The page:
One day after Facebook announced that it had uncovered a foreign influence campaign reaching over 300,000 users, a panel of tech experts told the Senate Intelligence Committee on Wednesday that Congress needs to set new rules for how social media companies combat disinformation.
“The time for industry self-regulation has probably passed,” said Philip Howard, director of Oxford University’s Internet Institute. But while Democrats, Republicans, and the experts they’d summoned to the Senate all seemed to agree that tech giants such as Facebook shouldn’t be trusted to regulate themselves, Congress doesn’t appear to be close to any sort of consensus on what that regulation should look like. While Democrats pushed for specific policy actions to address the continuing spread of disinformation by foreign intelligence, Republicans expressed more interest in researchers’ conclusions that Russia’s attacks were not targeted solely against liberals, nor have those attacks been limited to influencing electoral politics.
“I want to summarize for the American people…[Russia] didn’t do it because they had political leanings to the right or left, or because they care about our elections,” said Sen. Richard Burr (R-N.C.), the chairman of the committee. “They did it because a weak America is good for Russia.”
Wednesday’s hearing had an unusual bipartisan flair for this year’s Congress, thanks to the fact that foreign trolls have sowed disinformation against both Democrats and Republicans. John Kelly, founder and CEO of Graphika, a social media analytics company, told the senators that bot accounts on both the far left and far right tweet on average 20 to 30 times as much as more moderate, real accounts. Researchers also pointed to attacks on Sen. Ted Cruz (R-Texas) and Sen. Marco Rubio (R-Fla.) during the 2016 election to indicate that the attacks were not specifically targeted against one party. “Russian efforts are not made against one campaign, one party, or one country,” Kelly said.
But while neither party is spared, the experts at the hearing said that foreign influence campaigns have continued to primarily focus on exploiting divisions among Democrats. Renee DiResta, director of research at New Knowledge, a social science think tank, said that there were continuing “efforts to push intra-party divisions on the left” and suppress voter turnout.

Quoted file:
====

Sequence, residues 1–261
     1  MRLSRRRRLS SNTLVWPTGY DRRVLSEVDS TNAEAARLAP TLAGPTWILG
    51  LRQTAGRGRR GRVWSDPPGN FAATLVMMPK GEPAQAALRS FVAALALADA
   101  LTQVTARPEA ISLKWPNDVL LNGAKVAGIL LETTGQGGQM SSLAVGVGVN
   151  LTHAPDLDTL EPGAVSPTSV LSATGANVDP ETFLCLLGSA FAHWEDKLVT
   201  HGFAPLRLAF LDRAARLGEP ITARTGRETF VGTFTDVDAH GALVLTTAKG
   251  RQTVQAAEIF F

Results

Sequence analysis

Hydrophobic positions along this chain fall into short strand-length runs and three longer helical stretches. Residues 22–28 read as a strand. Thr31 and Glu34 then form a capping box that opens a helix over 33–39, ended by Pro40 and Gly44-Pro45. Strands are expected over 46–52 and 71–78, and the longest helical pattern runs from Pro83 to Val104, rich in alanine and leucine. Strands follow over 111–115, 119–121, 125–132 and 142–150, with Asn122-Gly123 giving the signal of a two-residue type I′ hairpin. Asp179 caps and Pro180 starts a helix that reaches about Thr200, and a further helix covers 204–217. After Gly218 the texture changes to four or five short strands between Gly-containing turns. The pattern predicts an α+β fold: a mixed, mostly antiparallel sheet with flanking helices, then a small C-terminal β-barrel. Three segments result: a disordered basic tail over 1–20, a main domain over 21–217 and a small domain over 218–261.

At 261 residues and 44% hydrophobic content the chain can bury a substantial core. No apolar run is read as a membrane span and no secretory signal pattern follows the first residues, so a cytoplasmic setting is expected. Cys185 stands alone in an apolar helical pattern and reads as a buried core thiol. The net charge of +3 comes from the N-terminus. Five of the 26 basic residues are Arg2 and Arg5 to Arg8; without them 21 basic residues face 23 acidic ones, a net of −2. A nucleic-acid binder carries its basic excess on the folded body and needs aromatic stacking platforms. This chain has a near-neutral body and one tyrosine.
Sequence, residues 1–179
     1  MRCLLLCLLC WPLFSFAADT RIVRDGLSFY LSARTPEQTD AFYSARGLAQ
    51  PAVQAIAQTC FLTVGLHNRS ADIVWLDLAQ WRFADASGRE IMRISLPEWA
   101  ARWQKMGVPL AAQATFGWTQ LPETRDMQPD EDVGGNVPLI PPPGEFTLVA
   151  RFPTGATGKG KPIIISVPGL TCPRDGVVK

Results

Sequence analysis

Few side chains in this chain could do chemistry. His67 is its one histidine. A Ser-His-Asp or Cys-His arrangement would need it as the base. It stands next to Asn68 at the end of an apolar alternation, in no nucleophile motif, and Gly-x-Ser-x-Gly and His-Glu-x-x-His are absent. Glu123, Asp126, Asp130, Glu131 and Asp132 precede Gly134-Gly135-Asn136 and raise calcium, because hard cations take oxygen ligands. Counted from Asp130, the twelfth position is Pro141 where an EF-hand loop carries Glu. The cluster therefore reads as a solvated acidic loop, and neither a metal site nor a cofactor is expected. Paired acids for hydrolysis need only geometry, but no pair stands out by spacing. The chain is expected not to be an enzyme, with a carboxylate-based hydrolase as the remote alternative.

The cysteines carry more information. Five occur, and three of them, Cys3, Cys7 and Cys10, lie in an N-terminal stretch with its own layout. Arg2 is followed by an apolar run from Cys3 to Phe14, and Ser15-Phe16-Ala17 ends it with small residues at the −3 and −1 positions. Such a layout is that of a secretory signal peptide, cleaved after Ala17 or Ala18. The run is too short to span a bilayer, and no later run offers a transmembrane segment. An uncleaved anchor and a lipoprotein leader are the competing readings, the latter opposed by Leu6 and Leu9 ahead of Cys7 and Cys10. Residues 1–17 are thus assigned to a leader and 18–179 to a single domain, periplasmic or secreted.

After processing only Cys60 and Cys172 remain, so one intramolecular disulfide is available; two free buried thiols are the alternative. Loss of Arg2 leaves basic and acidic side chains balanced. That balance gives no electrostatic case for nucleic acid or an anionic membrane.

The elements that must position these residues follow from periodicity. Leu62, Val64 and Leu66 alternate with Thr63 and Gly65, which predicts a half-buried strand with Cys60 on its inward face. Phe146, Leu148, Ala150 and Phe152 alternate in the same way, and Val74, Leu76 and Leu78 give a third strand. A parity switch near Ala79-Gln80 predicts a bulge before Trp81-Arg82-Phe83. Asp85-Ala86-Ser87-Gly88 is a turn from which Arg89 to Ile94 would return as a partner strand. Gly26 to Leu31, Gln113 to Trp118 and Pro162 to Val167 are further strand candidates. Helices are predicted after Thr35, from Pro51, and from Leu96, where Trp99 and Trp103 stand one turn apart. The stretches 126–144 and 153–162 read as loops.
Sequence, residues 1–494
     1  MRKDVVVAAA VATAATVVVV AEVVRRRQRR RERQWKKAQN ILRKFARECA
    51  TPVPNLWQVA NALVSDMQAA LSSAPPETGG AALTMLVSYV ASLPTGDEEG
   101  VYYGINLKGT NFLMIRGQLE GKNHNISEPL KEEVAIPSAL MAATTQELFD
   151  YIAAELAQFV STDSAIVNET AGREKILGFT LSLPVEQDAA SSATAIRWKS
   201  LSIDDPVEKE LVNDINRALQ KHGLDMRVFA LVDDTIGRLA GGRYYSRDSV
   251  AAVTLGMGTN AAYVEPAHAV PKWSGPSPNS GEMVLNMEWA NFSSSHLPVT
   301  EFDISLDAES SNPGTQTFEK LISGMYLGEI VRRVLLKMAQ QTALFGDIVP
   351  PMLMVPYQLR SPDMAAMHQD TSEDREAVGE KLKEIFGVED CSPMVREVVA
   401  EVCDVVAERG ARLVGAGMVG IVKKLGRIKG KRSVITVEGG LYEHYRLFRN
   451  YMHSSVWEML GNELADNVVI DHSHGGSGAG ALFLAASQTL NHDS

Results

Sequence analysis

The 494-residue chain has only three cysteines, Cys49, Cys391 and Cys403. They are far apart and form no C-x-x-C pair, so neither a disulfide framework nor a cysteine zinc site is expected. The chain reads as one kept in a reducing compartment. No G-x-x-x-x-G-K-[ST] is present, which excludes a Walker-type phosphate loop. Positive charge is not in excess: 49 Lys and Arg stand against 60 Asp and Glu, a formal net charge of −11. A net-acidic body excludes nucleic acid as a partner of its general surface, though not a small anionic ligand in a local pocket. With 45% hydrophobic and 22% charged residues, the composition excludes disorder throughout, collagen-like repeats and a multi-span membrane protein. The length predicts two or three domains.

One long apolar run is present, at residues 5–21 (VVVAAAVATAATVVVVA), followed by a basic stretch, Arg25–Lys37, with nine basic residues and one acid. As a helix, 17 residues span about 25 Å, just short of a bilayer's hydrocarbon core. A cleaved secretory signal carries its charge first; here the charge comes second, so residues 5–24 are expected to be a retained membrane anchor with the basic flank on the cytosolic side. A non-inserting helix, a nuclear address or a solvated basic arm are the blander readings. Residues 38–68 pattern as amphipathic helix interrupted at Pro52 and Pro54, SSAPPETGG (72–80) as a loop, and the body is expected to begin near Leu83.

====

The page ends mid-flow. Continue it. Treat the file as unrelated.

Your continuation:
Researchers at the hearing also emphasized that foreign influence online has gone beyond electoral politics, an issue that seemed of particular concern to Republicans. DiResta cited ongoing campaigns to stir up racial divisions, discord over the the Flint water crisis, and even posts from both sides about the debate over NFL players kneeling during the national anthem.
But Democrats and Republicans seemed to split when it came to the specifics of how to tackle the problem. Several of the researchers at the hearing suggested they were in favor of a recent proposal from Sen. Mark Warner (D-Va.) that social media companies be required to label bot accounts. “Even after 18 months of study,” Warner said, “we’re still only scratching the service when it comes to Russia’s information warfare.”
Even with the identification of many accounts run by the Internet Research Agency, a Russian company that launched a political influence campaign during the 2016 election, nearly one-third of disinformation accounts detected in recent months have been connected with the IRA. And with recent news that the IRA has changed tactics and begun paying in US dollars rather than Russian rubles, it could become even more difficult for social media companies to identify IRA purchases.
Sen. Ron Wyden (D-Ore.) pushed for dismantling Section 230 of the Communications Decency Act, a law he himself wrote in 1996, which prevents internet companies from being sued over user-generated content. “I just want to be clear, as the author of Section 230, the days when these pipelines are considered neutral are over,” Wyden said. Wyden also announced that he would soon be introducing legislation to give the Federal Trade Commission more power to “be a tougher cop on the beat” when it came to social media regulation.
Meanwhile, many Republicans expressed concerns over regulation’s impacts on free speech. Sen. James Risch (R-Ind.) pointed out that treating the issue like a cybersecurity threat contradicted the point that “platforms are supposed to be accessible to everyone.”
The hearing’s panelists said that tech companies themselves can go further to curb disinformation in the absence of new government regulation, and that companies like Twitter and Facebook can do far more to reveal the extent of foreign influence peddling on their platforms. Giving greater access to researchers and encouraging cross-platform collaboration could allow for a more comprehensive picture, said Laura Rosenberger, director of Alliance for Securing Democracy at the German Marshall Fund of the United States, a bipartisan, transatlantic think tank.
“I hope if there’s a takeaway from today’s hearing is that this is the last time that we’re going to associate the propaganda that we see with an election cycle,” said Burr. “Some feel that we as society are sitting in a burning room calmly drinking a cup of coffee telling ourselves this is fine. That’s not fine. And that’s not the case.”